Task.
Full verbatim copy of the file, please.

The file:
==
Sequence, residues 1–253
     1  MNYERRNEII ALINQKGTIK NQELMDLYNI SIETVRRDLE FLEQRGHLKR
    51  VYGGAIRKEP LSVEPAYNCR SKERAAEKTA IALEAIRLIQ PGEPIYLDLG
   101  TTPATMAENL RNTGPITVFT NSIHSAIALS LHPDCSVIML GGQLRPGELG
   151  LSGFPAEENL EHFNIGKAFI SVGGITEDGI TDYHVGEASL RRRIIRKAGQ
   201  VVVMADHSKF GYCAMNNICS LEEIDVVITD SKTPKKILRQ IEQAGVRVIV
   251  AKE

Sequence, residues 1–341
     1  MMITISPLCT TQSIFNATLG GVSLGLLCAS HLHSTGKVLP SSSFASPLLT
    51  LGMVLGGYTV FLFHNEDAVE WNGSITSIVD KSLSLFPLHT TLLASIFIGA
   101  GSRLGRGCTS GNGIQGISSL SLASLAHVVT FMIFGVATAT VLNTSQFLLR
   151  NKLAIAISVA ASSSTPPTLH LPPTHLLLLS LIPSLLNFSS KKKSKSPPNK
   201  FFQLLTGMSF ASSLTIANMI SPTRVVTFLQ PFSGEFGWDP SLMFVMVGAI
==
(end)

Sequence, residues 1–253
     1  MNYERRNEII ALINQKGTIK NQELMDLYNI SIETVRRDLE FLEQRGHLKR
    51  VYGGAIRKEP LSVEPAYNCR SKERAAEKTA IALEAIRLIQ PGEPIYLDLG
   101  TTPATMAENL RNTGPITVFT NSIHSAIALS LHPDCSVIML GGQLRPGELG
   151  LSGFPAEENL EHFNIGKAFI SVGGITEDGI TDYHVGEASL RRRIIRKAGQ
   201  VVVMADHSKF GYCAMNNICS LEEIDVVITD SKTPKKILRQ IEQAGVRVIV
   251  AKE

Sequence, residues 1–341
     1  MMITISPLCT TQSIFNATLG GVSLGLLCAS HLHSTGKVLP SSSFASPLLT
    51  LGMVLGGYTV FLFHNEDAVE WNGSITSIVD KSLSLFPLHT TLLASIFIGA
   101  GSRLGRGCTS GNGIQGISSL SLASLAHVVT FMIFGVATAT VLNTSQFLLR
   151  NKLAIAISVA ASSSTPPTLH LPPTHLLLLS LIPSLLNFSS KKKSKSPPNK
   201  FFQLLTGMSF ASSLTIANMI SPTRVVTFLQ PFSGEFGWDP SLMFVMVGAI